Memo to The American Conservative: Bilingual Education Will Not Actually Make Californians Bilingual

A writer at The American Conservative website has a long discussion on the supposed perils of bilingualism that, he believes, may soon come to pass now that California has voted to allow schools to use bilingual education in the teaching of English.

Unhappily, the writer does not appear to have any actual knowledge of bilingual education programs. I responded on the TAC website’s comments section (as of this post’s publishing, not approved by the moderator). Here is a slightly edited version:

It would help if Mr. Richwine familiarized himself with how actual bilingual education programs work, and what their goals are. He seems to assume that bilingual education has as its primary goal making students fluent in two languages. If you go no further than the name of the program, you can be excused for thinking this. But if you’re going to write a long piece for a national journal of opinion, I would hope you’d do a bit better than that.

Nearly all bilingual programs in California before the ban were *transitional* bilingual education (TBE) programs, meaning that they did NOT aim at maintaining the home language at all (and in fact, did not do so in practice).

The purpose of TBE was, and is, to teach English, period.

This entire discussion is interesting but completely off-topic, in that bilingual programs rarely make anyone bilingual, nor do they seek to keep students fluent in their home language. Surveys on language use over the past 30 years have not shown any major shift away from English, particularly among the children of immigrants, who typically “shift” to English so quickly that they are often unable to read and write in their home language by the time they get to high school. English is in no danger in California or any other state.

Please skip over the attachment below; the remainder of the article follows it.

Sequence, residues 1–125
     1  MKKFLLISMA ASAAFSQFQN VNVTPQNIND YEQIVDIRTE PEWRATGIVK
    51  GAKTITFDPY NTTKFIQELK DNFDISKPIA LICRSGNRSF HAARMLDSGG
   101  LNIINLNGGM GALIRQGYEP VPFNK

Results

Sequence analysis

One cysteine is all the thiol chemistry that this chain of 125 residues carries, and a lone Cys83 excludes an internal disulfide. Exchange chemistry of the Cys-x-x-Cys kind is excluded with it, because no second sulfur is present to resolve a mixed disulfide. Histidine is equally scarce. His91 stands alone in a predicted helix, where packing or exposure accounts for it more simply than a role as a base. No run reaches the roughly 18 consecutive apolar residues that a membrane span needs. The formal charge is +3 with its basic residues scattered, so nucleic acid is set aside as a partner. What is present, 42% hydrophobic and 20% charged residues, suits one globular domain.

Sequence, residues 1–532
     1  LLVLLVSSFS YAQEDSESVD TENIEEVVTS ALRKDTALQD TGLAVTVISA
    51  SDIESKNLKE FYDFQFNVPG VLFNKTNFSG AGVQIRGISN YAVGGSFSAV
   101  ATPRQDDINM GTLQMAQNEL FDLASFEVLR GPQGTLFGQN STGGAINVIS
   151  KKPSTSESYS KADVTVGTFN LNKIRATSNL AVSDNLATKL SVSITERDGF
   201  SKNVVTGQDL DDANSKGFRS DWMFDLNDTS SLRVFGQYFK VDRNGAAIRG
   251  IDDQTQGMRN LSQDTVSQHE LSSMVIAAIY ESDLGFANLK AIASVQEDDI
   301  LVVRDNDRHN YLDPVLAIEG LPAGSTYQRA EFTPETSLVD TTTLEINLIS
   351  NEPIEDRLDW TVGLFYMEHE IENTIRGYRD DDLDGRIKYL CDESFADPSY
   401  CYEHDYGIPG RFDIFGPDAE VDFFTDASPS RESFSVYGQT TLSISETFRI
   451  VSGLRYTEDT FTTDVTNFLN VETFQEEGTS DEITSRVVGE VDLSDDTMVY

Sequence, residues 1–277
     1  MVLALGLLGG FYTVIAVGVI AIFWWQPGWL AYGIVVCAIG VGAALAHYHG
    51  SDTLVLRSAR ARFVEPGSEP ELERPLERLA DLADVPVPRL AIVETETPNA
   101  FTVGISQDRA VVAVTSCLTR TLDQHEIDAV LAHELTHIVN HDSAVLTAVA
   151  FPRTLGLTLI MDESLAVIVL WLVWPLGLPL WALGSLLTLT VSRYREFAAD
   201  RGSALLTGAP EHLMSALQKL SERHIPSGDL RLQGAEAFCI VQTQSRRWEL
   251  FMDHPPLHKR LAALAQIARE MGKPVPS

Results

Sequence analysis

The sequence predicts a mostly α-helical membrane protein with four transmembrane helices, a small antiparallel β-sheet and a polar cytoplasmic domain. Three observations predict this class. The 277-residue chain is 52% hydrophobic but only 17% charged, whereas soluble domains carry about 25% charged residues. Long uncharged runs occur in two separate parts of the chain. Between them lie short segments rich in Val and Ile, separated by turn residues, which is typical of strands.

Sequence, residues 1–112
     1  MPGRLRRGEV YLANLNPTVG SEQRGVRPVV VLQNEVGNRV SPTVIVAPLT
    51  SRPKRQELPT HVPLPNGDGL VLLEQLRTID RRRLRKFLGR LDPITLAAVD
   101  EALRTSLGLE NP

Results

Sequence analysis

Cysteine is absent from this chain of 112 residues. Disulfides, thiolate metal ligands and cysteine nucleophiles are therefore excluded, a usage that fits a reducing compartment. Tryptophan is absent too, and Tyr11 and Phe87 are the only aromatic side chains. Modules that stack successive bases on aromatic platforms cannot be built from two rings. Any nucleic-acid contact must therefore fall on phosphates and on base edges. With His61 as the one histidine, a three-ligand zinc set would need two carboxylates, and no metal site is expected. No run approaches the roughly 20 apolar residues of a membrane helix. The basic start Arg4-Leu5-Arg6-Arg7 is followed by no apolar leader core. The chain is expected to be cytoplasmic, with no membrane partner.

With all due respect to the previous comment from my esteemed colleague, Dr. Rosalie Porter, the research on the effectiveness of bilingual education has shown time and time again that it is a superior way to *teach English* versus so-called “immersion” programs. Dr. Jay Greene, hardly a left-liberal academic, confirmed this in his own meta-analysis of the research several years ago. For more on the theory and effectiveness of bilingual education, including reviews of the experimental research on it, see the website of Dr. Steve Krashen, emeritus professor of linguistics and education at USC.

Whatever one thinks of the political and cultural ramifications of bilingualism, they have almost nothing to do with actual practice of bilingual education, which does not – to repeat – usually aim at bilingualism at all. (The exception to this is two-way or “maintenance” bilingual programs, which are very, very small in number.)

I am not arguing, of course, that the author’s contentions about the value of bilingualism are correct. But the first order of business is to get people to understand that most bilingual education programs do not typically by design produce bilinguals. Their goal is English.

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